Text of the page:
A federal grand jury has launched a review of last year’s beating of an undocumented man by Santa Ana police officers, according to attorneys for the city.

The move comes amid a U.S. Department of Justice civil rights investigation into the June 2014 beating and arrest of Edgar Vargas-Arzate, which the FBI has described as an assault by officers.

In April, he filed a federal lawsuit against the city.  The city responded in June by seeking to have the case put on hold pending the grand jury investigation.

“Presently, we are informed that there are ongoing federal grand jury proceedings investigating the incident and the officers’ use of force during the incident,” states the city’s court motion.

The inquiry isn’t expected to last more than four or five more months, it added, indicating that a decision on whether to indict the officers would come by sometime in November.

(Click here to read the motion.)

Spokespeople for the FBI and Santa Ana Police Department said they couldn’t comment on grand jury investigations.  The development was first reported by the Orange County Register on Thursday night.

Federal grand jury proceedings are typically cloaked in secrecy, with an announcement usually not coming until a decision is made on whether to file an indictment.

Vargas-Arzate’s arrest last June attracted national media attention after video footage was made public showing the Vargas place his hands up and lie face down in a front yard before police began repeatedly punching him, swinging a baton at his legs and shooting him with a Taser gun.

The police officers claimed self-defense, saying Vargas-Arzate attacked them as they were responding to a burglary call in the central part of the city, and pursued felony charges against him for assaulting an officer, causing great bodily harm and resisting arrest.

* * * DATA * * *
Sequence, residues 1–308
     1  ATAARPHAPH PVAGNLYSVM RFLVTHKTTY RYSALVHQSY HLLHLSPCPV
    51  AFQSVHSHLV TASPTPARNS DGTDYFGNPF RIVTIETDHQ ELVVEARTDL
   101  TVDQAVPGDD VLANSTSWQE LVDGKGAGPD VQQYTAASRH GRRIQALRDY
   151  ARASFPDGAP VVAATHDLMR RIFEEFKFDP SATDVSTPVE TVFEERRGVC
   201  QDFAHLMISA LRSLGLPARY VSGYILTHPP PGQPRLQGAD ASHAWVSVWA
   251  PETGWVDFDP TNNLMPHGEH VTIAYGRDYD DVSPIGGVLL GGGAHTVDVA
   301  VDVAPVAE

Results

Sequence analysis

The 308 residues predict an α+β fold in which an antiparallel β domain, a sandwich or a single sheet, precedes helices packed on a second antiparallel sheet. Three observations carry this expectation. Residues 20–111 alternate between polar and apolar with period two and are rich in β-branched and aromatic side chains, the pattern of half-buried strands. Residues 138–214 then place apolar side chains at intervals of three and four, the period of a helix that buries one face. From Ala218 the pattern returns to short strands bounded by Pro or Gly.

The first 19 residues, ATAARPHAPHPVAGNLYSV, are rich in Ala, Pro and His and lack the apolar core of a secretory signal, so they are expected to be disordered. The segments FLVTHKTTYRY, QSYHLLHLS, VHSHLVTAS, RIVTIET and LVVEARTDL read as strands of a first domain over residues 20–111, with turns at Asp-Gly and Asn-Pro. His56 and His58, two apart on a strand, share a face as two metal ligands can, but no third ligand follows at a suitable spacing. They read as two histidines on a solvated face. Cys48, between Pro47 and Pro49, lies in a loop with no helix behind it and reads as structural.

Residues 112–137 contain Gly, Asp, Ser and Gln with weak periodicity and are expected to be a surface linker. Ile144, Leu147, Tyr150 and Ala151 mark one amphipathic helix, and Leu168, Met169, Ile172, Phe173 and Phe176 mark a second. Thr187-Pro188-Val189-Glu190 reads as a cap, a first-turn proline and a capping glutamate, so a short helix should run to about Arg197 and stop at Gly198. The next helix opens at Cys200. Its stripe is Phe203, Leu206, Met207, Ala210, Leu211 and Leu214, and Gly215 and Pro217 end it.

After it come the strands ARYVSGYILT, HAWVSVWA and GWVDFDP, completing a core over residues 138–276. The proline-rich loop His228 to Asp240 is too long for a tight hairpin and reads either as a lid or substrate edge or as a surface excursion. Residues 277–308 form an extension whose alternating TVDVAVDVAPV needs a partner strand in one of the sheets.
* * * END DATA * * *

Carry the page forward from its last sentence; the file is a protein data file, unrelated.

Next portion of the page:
Then, in August, federal immigration agents arrested Vargas-Arzate while he was on his way to Orange County Superior Court to defend himself against the charges.

The case took another turn when the FBI later confirmed that a civil rights investigation had been opened into the police officers’ actions, which prompted Vargas-Arzate’s release from federal custody. And local prosecutors dropped all the charges against Vargas-Arzate except for attempted burglary.

Then, in October, FBI officials vouched for Vargas-Arzate as a victim of “felonious assault” by the officers when they submitted a certification for a visa that would allow him to stay in the U.S.

Upon hearing the news regarding the grand jury investigation, Vargas-Arzate’s public defender, credited the work of federal authorities who have been on the case.

“The FBI was outstanding in how thoughtful and thorough they were in our conversations,” Bittar said.

“Multiple eyewitness testimonies and a video tape, in this case, certainly reveals that there was obvious police misconduct,” he added. “And we’re mindful that across the country video has been critical to cases.”

Bittar was surprised at the news of the grand jury probe and acknowledged that he’d developed an impression lately that the investigation had stalled.

“We made Edgar available to them for an interview, but we never got any indication that there was interest in interviewing him,” Bittar said before learning of the grand jury proceedings.

FBI spokeswoman Laura Eimiller said all she could confirm about the civil rights investigation is that it is ongoing.

Santa Ana police spokesman Cpl. Anthony Bertagna said his department’s internal investigation of the officers is ongoing as well.

The case, and his time behind bars, has taken a huge toll on Vargas-Arzate’s mental health, Bittar and his family have said.

“Edgar is a very vulnerable person, and I know there’s very little political will to assist somebody with a criminal record, but by the same time he is a person that we have to try to protect as well,” said Bittar.

Grand juries allow prosecutors to bring evidence in secret before jurors, who then decide whether charges should be filed.

They are often used in cases of alleged excessive police force, such as the death exactly one year ago of New York City resident Eric Garner.

In that case, which featured video of Garner in a police chokehold just before his death, a local grand jury declined to indict the officer.

The use of grand juries in police use-of-force cases has drawn criticism because the proceedings are secretive and don’t feature some of the cross-examination and evidence rules of normal court proceedings.

On Thursday, the state Assembly passed a bill that would ban the use of grand juries by local prosecutors in police lethal force cases.

In Vargas-Arzate’s case, a hearing on the city’s motion is scheduled for 8:30 a.m. Tuesday in the Santa Ana federal courthouse.

You can contact Nick Gerda at ngerda@gmail.com, and follow him on Twitter: @nicholasgerda.

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